DPD Const. Sarb Singh and his partner, Police Service Dog Laska. (Delta Police Department photo)

DPD Const. Sarb Singh and his partner, Police Service Dog Laska. (Delta Police Department photo)

Dogs and handlers a valuable resource for Delta police

Three DPD officers on integrated police dog teams responded to an average of 506 calls each in 2021

They found fleeing drunk drivers, missing high-risk youth and stopped determined armed suspects — responding to a total of 1,520 calls for service in 2021.

Delta’s three police dog-and-handler pairs, who are part of the Lower Mainland Integrated Police Dog Service (LMIPDS), recently looked back at the past year.

As part of an integrated unit, their scope of operations goes beyond Delta, serving nearly two million Metro Vancouver citizens alongside 45 other dogs and handlers.

Throughout 2021, the LMIPDS team responded to 192 calls for service in Delta. Break-and-enters were the most common call type, while assaults and searching for weapons were also frequent reasons why the dog teams were called in by front-line officers.

Some of the most satisfying work for dogs and handlers is when they can successfully locate missing suspects and missing persons, and Delta’s three LMIPDS teams were successful in doing so more than 150 times in 2021.

Last year also marked the debut of a new team: DPD Const. Sarb Singh and his new dog Laska.

SEE ALSO: Biting and jumping are paw-sitives when raising a police dog puppy (July 18, 2019)

“There are many occasions where these dogs have made a critical difference in our work. For example, last year Const. Singh and Laska attended a collision in Delta where the driver was fleeing the scene on foot,” explained Supt. Guy Leeson, who oversees the DPD officers seconded to integrated teams.

“They caught up to the suspect and, after noting symptoms of impairment, the suspect was taken into custody without issue.”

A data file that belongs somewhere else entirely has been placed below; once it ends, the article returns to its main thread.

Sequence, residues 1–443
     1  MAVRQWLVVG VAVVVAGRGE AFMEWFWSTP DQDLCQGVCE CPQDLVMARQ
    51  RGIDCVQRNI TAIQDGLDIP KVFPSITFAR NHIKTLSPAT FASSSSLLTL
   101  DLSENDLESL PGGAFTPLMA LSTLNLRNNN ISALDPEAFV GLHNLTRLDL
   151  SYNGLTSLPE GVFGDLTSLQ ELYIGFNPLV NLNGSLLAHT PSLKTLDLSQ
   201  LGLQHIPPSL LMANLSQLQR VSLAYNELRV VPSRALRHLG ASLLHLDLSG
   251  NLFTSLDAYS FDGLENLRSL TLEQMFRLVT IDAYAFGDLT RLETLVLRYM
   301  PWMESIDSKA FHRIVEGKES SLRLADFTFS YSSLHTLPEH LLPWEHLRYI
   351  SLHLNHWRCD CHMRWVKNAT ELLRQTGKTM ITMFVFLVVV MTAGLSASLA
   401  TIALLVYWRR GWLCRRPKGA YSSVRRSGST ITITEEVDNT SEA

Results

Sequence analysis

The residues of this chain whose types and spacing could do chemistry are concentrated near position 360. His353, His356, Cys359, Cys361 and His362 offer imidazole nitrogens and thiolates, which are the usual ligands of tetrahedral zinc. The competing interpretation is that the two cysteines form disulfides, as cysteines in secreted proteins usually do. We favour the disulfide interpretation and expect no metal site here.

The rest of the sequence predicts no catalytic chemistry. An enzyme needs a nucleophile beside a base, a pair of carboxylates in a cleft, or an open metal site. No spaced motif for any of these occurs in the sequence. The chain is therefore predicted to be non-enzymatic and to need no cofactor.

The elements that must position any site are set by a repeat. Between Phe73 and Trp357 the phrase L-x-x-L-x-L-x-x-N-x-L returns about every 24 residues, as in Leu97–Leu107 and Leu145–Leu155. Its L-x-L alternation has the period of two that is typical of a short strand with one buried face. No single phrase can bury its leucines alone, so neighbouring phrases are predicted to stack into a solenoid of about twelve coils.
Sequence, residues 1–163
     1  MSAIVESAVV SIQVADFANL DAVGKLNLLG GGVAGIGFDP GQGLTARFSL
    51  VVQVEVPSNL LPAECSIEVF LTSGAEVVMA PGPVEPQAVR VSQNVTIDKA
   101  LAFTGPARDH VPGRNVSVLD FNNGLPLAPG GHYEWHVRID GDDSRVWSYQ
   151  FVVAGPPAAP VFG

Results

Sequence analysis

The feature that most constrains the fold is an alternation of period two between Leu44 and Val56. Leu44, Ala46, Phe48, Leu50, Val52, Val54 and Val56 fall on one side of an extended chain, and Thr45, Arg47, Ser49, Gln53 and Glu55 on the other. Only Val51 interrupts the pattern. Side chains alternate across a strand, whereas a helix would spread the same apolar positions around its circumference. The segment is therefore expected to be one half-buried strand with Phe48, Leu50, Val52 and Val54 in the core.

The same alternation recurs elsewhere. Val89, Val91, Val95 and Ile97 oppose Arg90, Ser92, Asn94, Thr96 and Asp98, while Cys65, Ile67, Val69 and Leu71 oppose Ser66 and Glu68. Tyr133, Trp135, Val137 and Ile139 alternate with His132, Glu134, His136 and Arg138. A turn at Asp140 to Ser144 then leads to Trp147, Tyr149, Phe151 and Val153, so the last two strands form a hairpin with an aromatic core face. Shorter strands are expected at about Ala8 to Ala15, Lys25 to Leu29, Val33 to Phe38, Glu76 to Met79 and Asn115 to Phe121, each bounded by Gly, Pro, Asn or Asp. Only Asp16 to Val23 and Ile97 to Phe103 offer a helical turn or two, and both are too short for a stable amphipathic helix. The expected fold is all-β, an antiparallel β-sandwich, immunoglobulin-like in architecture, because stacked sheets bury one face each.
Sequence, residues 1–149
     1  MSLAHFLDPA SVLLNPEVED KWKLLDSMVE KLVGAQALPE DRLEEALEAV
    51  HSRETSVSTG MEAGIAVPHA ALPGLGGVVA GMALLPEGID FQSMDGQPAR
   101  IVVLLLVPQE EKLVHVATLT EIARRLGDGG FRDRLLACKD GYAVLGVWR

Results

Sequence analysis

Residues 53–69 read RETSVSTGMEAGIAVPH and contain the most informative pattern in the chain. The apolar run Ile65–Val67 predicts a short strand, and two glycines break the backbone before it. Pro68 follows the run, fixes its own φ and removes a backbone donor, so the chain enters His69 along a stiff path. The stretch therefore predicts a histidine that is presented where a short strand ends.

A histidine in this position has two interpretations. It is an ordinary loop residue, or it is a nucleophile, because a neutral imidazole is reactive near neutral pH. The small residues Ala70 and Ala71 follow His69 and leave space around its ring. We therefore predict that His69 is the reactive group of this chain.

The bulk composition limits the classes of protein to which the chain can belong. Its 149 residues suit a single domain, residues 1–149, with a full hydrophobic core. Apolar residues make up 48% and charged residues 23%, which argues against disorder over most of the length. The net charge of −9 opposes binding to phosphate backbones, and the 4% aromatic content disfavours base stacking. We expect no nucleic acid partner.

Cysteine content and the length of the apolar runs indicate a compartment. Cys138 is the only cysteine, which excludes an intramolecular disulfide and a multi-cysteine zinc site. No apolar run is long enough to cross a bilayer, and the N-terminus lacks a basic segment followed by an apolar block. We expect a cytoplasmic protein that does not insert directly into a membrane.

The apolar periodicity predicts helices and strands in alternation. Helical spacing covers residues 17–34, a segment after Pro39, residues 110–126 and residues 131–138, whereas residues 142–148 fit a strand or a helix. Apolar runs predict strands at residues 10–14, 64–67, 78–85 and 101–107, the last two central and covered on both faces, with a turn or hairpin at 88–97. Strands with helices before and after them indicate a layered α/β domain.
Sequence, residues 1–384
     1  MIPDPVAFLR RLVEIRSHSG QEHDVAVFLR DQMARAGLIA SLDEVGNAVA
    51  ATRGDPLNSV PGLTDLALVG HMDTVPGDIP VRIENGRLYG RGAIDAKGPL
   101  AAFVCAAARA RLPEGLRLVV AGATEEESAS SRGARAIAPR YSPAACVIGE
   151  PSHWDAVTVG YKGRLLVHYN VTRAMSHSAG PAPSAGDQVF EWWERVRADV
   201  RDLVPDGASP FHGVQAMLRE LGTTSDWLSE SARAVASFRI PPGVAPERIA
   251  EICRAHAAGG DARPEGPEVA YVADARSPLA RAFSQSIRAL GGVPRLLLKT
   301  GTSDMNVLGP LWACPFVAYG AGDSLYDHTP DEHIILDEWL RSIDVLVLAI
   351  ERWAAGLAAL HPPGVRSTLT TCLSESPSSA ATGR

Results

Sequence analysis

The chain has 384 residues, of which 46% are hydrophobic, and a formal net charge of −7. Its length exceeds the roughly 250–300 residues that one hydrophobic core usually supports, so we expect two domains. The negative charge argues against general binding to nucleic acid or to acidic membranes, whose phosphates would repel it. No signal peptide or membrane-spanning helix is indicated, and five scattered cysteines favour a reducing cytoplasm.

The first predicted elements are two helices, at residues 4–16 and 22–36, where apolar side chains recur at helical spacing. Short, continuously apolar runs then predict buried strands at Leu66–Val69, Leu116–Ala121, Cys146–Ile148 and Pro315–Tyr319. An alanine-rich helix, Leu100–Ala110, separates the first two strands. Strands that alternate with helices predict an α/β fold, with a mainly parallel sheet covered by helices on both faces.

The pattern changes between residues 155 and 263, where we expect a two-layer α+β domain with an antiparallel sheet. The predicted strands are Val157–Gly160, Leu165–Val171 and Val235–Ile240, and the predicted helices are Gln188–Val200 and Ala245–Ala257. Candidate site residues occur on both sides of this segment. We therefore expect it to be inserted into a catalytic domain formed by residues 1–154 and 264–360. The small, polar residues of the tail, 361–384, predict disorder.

In another incident, Singh and Laska came to the aid of a fellow DPD officer who was involved in a struggle against a suspect actively fighting and fleeing from police. The suspect had assaulted the officer and presented a knife, but the use of force tools including a taser and pepper spray had not yet resolved the situation.

Laska successfully controlled the suspect despite being hit at with keys, and the suspect was taken into police custody, all thanks to Laska’s tenacity.

“Our handlers and their dogs are incredibly dedicated, and they are such a fantastic resource for our community,” Leeson said. “For example, Const. Chris Cottrill and his dog Garner had a great success here in Delta last year where they were able to successfully track a youth who was suicidal.”

READ MORE: ‘Legendary’ Lower Mainland police dog Garner retires (Jan. 14, 2022)

In another file, Const. Carriere and his police dog Libby assisted on a robbery with weapon file where the suspect was using a taser. While Carriere located and apprehended the suspect, Libby located the stolen property and the taser that was used in the commission of the offence.

The Delta Police Department also has other dog-and-handler pairs, in addition to these traditional “multi-profile” dogs. The DPD also has two dogs trained to detect firearms and drugs, as well as a Victim Services dog.

RELATED: New Delta police canine unit aims to catch commuting criminals (Jan. 24, 2020)

In 2021, the department also had three officers participating in a development program by volunteering as quarries to help raise puppies who will on day be police dogs.

SEE ALSO: Delta Police dog retires on a high note after decade of service (Jan. 18, 2021)

SEE ALSO: Delta police trauma dog retires after nine ground-breaking years of service (Oct. 21, 2019)



editor@northdeltareporter.com

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